Igbawase Ukumba writes that Governor Abdullahi Sule of Nasarawa State has initiated a platform for cooperation between all arms of government in the state
Governor Abdullahi Sule had on October 1, 2020 convened the first ever critical stakeholders’ summit of the state, bringing together personalities from the three arms of government: the executive, legislature and judiciary, with a view to understanding and appreciating their distinct roles for efficient service delivery.
Critical stakeholders at the event include: The first civilian governor of the state, Senator Abdullahi Adamu; Speaker of the Nasarawa State House of Assembly, Rt. Hon Ibrahim Balarabe Abdullahi; Chief Judge of Nasarawa State; Justice Suleiman Umaru Dikko; Emir of Lafia, HRH Justice Sidi Bage (rtd), among many other critical stakeholders.
The summit, with the theme: “Examining the Role of Government on Security and Economy of Nasarawa State,” was first of its kind since creation of the state in 1996, and was organized by the office of the Secretary of the Government of Nasarawa State which took place at the Aliyu Akwe Doma Banquet Hall, Government House, Lafia. The parley between the three arms of government was part of activities marking the 60th and 24th anniversaries of Nigeria and Nasarawa State celebrated on October 1, 2020 respectively.
Speaking at the summit, Governor Sule said the summit would provide the opportunity for the three arms of government to understand each other, even as he emphasized that the executive arm of government was receiving maximum support from the legislature and judiciary. He added that the summit would also deepen the democratic process in the state, towards the socio-economic development of the society.
It was against the above backdrop the governor explained that top government functionaries and other critical stakeholders from the three arms of government would facilitate the cross fertilization of ideas, share experience, as well as appraising distinct responsibilities of the arms with a view to evolving the needed enduring synergy for a conflict free administration, as well as reinforcing interdependence of each of the arms, according to the tenets of the constitution.
Sule said: “This is in line with the pledge which I made when I took over the mantle of leadership, to create the enabling environment for the arms of government to effectively and efficiently discharge their responsibilities, for peace, progress and development of our dear state. My administration has supported the call for the independence of the legislature through the provision of required tools for it to carry out its statutory functions with minimum hitch.”
This was even as he added that his administration has continued to sustain its regards and reverence to the judiciary and its independence towards quick dispensation of justice and the interpretations of the laws.
“Considering the journey so far, especially towards entrenching the democratic process in tune with global best practices and the existing unity of purpose have been inspirational given the administration the needed strength to forge ahead in the collective commitment to provide leadership for growth and development. It’s however pertinent to often review certain tendencies that could jeopardize the seeming harmonious relationship between the arms of government, which informed the need for the summit,” Sule stated.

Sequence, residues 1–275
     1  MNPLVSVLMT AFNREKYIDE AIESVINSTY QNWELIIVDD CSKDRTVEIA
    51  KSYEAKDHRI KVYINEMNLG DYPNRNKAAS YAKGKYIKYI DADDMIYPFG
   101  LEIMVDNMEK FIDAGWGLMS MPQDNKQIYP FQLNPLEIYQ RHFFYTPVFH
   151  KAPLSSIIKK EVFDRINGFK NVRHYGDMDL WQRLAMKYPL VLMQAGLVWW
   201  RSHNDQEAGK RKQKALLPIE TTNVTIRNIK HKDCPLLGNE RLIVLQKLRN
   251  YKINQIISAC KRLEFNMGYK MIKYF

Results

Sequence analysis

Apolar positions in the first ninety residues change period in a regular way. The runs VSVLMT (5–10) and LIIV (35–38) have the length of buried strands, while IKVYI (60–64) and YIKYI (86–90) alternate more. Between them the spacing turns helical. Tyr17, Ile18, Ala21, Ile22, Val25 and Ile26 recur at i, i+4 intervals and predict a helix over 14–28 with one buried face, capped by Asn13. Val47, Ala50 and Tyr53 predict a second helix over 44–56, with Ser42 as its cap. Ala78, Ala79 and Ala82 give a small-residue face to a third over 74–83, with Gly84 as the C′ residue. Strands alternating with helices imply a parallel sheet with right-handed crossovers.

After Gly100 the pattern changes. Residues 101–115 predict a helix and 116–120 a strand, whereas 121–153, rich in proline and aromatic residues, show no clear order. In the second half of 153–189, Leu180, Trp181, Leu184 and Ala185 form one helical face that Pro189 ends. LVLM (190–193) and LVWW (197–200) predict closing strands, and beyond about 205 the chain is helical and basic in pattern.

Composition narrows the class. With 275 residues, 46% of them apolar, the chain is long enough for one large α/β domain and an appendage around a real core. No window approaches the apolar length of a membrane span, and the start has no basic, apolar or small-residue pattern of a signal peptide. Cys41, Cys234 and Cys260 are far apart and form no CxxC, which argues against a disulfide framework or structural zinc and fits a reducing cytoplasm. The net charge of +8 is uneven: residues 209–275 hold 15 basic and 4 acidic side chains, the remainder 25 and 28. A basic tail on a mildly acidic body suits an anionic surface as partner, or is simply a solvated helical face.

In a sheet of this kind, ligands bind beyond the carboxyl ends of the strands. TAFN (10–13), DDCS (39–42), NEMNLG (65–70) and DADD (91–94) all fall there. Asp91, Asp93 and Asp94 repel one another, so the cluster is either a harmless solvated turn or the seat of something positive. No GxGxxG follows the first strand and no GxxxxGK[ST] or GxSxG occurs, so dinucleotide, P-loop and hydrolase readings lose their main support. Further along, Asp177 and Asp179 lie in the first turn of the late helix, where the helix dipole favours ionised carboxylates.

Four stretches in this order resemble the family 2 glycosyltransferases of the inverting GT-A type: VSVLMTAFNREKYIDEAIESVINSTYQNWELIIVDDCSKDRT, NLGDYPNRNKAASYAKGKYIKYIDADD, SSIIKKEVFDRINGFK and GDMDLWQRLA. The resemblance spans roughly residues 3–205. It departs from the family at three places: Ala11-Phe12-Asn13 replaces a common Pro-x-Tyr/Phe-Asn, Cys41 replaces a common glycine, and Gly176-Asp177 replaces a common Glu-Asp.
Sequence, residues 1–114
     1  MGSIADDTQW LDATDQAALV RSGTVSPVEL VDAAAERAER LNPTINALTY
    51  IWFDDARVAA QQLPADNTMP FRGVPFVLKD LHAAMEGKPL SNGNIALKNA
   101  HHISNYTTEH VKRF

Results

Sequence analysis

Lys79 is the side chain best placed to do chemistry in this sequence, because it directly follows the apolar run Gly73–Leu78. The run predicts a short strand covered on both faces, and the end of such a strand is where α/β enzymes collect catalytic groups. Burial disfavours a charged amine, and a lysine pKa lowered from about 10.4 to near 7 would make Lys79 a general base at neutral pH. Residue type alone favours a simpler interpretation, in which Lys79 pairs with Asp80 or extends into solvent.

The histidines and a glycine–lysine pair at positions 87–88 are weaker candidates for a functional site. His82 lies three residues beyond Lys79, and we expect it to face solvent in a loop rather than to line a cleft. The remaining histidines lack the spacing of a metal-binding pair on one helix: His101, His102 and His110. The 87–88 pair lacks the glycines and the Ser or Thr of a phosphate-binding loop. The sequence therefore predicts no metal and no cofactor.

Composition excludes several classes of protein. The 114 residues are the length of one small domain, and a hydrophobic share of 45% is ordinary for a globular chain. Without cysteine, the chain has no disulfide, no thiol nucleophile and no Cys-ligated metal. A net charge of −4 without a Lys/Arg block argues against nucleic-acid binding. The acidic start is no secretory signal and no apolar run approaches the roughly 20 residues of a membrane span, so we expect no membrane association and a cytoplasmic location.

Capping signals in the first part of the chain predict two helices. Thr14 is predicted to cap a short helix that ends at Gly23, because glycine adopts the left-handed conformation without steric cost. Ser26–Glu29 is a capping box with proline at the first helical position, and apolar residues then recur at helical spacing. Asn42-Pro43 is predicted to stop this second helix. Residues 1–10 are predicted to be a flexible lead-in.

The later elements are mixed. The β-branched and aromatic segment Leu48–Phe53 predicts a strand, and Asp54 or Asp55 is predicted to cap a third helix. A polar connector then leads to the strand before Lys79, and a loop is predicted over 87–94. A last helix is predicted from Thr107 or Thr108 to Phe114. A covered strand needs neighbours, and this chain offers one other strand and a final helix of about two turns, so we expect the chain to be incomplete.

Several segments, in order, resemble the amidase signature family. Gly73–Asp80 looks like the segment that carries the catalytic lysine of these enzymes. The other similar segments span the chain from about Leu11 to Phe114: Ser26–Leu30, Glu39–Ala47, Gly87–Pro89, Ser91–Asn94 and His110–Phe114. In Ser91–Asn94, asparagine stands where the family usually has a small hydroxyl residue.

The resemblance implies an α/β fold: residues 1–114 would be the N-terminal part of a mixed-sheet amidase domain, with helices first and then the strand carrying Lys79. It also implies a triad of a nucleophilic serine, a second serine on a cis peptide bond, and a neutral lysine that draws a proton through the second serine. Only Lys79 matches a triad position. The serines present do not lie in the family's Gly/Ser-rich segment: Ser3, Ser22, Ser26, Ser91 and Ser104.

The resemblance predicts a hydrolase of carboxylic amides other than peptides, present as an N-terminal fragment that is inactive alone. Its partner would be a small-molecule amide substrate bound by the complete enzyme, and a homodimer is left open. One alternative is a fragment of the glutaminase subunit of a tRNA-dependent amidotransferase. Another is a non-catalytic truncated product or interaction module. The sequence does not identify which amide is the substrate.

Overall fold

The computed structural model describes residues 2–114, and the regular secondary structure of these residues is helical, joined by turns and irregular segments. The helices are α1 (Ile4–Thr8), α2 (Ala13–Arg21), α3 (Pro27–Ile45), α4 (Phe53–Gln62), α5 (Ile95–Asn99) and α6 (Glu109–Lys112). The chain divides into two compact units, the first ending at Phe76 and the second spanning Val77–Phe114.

The governor finally harped on the need for maturity and tolerance so that the arms of government could work together to the benefit of Nasarawa State and the People.
Suffice to note that attaining a reasonable degree of security is pivotal to maximising the potentials of any given entity for the growth and development of its economy which is every citizen’s role to play. Hence the need for maturity and tolerance among citizens so that the three arms of government in the state could work together for the benefit of Nasarawa State and the people.
Perhaps it was against this background as harped earlier during the summit by Governor Sule that the chairman of the Nasarawa State Council of Chiefs, Justice Sidi Bage ( rtd) x-rayed the key role that the traditional rulers have to play in the economy and security of the state. Justice Bage, who is the Emir of Lafia, noted that the state had a diversity of culture with over 30 different linguistic units hence underscoring the need for cultural harmony.
Acccording to him, “the over 30 linguistic units alone underscores the need for cultural harmony in the face of threatening tribal wars. The monarchs can ensure that they preach peace within their sphere of influence. They must preach love and oneness that will make the herdsmen value the life of farmers and vice versa. As they sue for peace and security, they must gainfully engaged their subjects in productive activities especially in agriculture, which in my view is still underexploited in Nasarawa State.”
Suffice to state that attaining a reasonable degree of security in any given society is pivotal to maximising of that society’s growth and development of its economy is everyone’s role to play.
Hitherto the paramount ruler of the ancient Lafia Emirate, Justice Bage, opined that all ministries and agencies that make up the executive arm of government in Nasarawa State, ably led by Governor Sule, have a role to play.
“Every lawmaker, regardless of party affiliation, owes Nasarawa State a duty to contribute to the economy and security of our dear state. The judicial also have a very significant role to play as the law has always been an instrument of social reengineering. We the traditional rulers too have tremendous though unconventional role,” the retired Supreme Court Judge said.
Acccording to the revered monarch, “section 5 (2) of the constitution of the federal republic of Nigeria, 1999 (as amended) clearly saddles the governor with the governance and security of the state. But the governor is just one man, and that is where his team comes into play. Every ministry in the state must begin to look inward and tinker on how to build lasting value-chain that will contribute positively to the state bottom line.”